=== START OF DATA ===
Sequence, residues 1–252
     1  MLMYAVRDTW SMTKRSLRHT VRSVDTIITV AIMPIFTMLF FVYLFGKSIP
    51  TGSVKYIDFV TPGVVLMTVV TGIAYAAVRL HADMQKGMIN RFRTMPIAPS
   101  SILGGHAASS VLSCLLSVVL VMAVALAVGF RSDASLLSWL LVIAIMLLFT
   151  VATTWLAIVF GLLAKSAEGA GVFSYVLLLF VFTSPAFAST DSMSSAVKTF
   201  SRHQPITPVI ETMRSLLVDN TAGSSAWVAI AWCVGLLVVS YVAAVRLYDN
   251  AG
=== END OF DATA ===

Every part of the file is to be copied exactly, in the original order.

Sequence, residues 1–252
     1  MLMYAVRDTW SMTKRSLRHT VRSVDTIITV AIMPIFTMLF FVYLFGKSIP
    51  TGSVKYIDFV TPGVVLMTVV TGIAYAAVRL HADMQKGMIN RFRTMPIAPS
   101  SILGGHAASS VLSCLLSVVL VMAVALAVGF RSDASLLSWL LVIAIMLLFT
   151  VATTWLAIVF GLLAKSAEGA GVFSYVLLLF VFTSPAFAST DSMSSAVKTF
   201  SRHQPITPVI ETMRSLLVDN TAGSSAWVAI AWCVGLLVVS YVAAVRLYDN
   251  AG